The Notre Dame Fighting Irish Baseball program recently took a progressive step forward by becoming the first collegiate baseball team to utilize a player evaluation technology know as the HitTrax Data Capture and Simulation System.
Referred to by HitTrax as “The World’s First and Only Baseball Simulator”, head coach Mik Aoki and the rest of his staff will be able to quantify aspects of Notre Dame’s hitters such as exit ball velocity off the bat, launch angle/elevation, hard hit average and for the pitchers, late break measurement, % strikes and batting average against, to name a few. The software gives coaches and players the ability to provide and receive immediate feedback by distributing real-time statistics with visual review. In addition, HitTrax enables its users to engage in simulated games, tournaments, hitting leagues, home run derby contests, and long ball contests (in actual Major League Baseball ballparks, no less) in which the data collected is stored in a online cloud network called “The Virtual Dugout” where players and coaches can compare and further break down the data that HitTrax analyzes.
“From the moment we saw the HitTrax system, we knew the metrics used would revolutionize how we – and other baseball programs – train our players,” Aoki said. “There’s no doubt that the statistics captured in the system will soon become commonplace within the baseball community. [Our] players are more engaged and the coaches are armed with actionable insight that they’ve never before had access to. The proof will be to see how our kids perform when they step across the baseline but as far as we’re concerned, we’ve hit a home run with this system.”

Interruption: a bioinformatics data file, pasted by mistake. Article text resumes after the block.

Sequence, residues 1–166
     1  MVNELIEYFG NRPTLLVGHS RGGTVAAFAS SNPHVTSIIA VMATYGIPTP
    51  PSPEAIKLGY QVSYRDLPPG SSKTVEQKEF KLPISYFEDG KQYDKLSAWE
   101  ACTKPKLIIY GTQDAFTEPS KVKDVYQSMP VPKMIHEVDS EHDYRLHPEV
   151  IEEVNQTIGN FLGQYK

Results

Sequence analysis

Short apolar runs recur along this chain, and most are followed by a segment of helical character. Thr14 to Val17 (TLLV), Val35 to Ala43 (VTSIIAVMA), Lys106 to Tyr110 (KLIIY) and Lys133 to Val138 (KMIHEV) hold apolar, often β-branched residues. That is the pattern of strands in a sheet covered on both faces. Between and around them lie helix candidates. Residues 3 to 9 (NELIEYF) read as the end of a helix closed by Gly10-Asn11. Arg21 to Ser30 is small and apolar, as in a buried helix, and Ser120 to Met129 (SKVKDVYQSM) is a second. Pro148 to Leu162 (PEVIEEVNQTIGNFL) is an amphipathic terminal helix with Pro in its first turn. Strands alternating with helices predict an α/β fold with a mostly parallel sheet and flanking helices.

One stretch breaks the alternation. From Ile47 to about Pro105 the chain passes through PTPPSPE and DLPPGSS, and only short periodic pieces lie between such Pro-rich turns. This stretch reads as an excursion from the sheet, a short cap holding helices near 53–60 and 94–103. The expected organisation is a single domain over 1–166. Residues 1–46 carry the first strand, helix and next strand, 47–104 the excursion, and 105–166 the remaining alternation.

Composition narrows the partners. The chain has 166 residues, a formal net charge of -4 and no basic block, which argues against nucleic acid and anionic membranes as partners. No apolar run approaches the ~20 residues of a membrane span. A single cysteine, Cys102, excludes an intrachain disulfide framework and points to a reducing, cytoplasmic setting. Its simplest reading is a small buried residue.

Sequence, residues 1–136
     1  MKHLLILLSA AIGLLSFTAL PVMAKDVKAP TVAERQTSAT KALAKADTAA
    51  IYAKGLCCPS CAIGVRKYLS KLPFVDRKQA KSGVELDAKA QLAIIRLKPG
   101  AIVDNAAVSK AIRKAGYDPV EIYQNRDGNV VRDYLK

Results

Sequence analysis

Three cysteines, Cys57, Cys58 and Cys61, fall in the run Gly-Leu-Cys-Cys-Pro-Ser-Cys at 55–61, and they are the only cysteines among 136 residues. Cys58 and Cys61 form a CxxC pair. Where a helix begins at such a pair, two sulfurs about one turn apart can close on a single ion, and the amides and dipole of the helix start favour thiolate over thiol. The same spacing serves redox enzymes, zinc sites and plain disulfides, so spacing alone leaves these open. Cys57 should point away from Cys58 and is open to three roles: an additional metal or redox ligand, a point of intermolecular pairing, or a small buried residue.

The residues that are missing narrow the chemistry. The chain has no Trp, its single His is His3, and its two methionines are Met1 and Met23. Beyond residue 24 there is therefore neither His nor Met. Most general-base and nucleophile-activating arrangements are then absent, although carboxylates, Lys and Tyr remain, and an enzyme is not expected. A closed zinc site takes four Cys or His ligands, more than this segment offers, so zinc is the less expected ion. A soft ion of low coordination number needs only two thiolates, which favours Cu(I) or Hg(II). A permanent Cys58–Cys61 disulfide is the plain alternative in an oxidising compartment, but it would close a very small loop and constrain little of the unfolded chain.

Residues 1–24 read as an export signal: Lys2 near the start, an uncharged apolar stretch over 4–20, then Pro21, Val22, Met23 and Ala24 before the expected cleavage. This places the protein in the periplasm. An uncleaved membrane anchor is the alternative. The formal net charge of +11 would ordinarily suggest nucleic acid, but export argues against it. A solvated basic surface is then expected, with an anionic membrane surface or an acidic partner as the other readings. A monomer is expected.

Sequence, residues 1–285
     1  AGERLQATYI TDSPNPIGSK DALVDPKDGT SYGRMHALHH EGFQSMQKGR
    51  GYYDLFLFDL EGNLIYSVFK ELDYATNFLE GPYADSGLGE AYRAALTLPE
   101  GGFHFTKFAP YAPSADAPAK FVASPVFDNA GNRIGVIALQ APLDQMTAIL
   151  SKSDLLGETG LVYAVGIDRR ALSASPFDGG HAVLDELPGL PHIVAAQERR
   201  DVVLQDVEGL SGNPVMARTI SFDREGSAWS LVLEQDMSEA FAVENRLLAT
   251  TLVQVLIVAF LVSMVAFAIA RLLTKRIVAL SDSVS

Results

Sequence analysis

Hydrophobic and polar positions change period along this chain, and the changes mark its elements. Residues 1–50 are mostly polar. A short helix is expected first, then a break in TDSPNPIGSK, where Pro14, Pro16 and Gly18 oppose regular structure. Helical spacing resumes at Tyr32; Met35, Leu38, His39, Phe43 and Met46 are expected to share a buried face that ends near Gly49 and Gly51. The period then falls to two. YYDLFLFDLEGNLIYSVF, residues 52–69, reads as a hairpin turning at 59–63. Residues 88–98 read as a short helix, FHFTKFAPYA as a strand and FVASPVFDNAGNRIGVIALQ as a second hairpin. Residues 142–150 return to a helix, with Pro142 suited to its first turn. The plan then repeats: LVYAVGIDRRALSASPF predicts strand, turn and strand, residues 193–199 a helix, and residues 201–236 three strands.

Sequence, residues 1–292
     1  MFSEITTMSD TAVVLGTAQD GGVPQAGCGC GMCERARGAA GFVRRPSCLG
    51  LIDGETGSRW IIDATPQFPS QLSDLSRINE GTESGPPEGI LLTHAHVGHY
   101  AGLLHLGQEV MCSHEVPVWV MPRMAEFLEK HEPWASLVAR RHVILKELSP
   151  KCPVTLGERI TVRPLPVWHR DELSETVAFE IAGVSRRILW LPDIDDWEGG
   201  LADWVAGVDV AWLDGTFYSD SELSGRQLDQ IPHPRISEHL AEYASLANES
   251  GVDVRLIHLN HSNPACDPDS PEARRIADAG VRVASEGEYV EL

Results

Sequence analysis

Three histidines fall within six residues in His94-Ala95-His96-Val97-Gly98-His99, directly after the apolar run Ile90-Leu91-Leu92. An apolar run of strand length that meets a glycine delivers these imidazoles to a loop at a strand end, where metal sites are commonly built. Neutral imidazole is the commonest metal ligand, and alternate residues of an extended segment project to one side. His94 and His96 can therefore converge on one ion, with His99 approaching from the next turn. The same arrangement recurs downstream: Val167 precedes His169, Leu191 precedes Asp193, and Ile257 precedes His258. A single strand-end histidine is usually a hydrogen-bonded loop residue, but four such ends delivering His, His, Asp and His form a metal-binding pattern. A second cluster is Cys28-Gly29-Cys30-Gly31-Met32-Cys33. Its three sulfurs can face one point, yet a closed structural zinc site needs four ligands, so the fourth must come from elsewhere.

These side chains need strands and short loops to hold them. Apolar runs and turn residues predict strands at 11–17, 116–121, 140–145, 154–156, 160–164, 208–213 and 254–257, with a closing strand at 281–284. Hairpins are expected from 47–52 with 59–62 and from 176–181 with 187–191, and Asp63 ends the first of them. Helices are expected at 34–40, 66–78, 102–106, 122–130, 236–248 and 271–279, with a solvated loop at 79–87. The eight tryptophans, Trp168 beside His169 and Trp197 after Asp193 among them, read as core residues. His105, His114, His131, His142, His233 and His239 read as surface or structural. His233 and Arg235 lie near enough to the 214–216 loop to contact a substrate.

While I believe this system could really catch on with colleges, high schools, and training facilities, it’s hard to tell whether this is a product that could be widely utilized within the minors and majors. Because advanced statistics are much more limited in the amateur game, HitTrax could serve as a plausible and tangible way for any amateur team or training facility to help better assess the strengths and weaknesses of players. Not to mention, HitTrax could help younger baseball players get more enthusiastic and proactive about their development by challenging them to become more complete players at a younger age.
From the research I’ve done, no MLB organization has brought in the HitTrax software up to this point. As informative, engaging, and fun the system seems to be, I get the sense that HitTrax is perhaps a bit too gimmicky for the statistics gurus and computer whizzes within MLB front offices.
I really hope I’m proven wrong – HitTrax certainly has the potential to change how coaching and player analysis is performed on a large scale. For a look-in about how the HitTrax software works, view this link: https://www.youtube.com/watch?v=L6A7Qpvea_o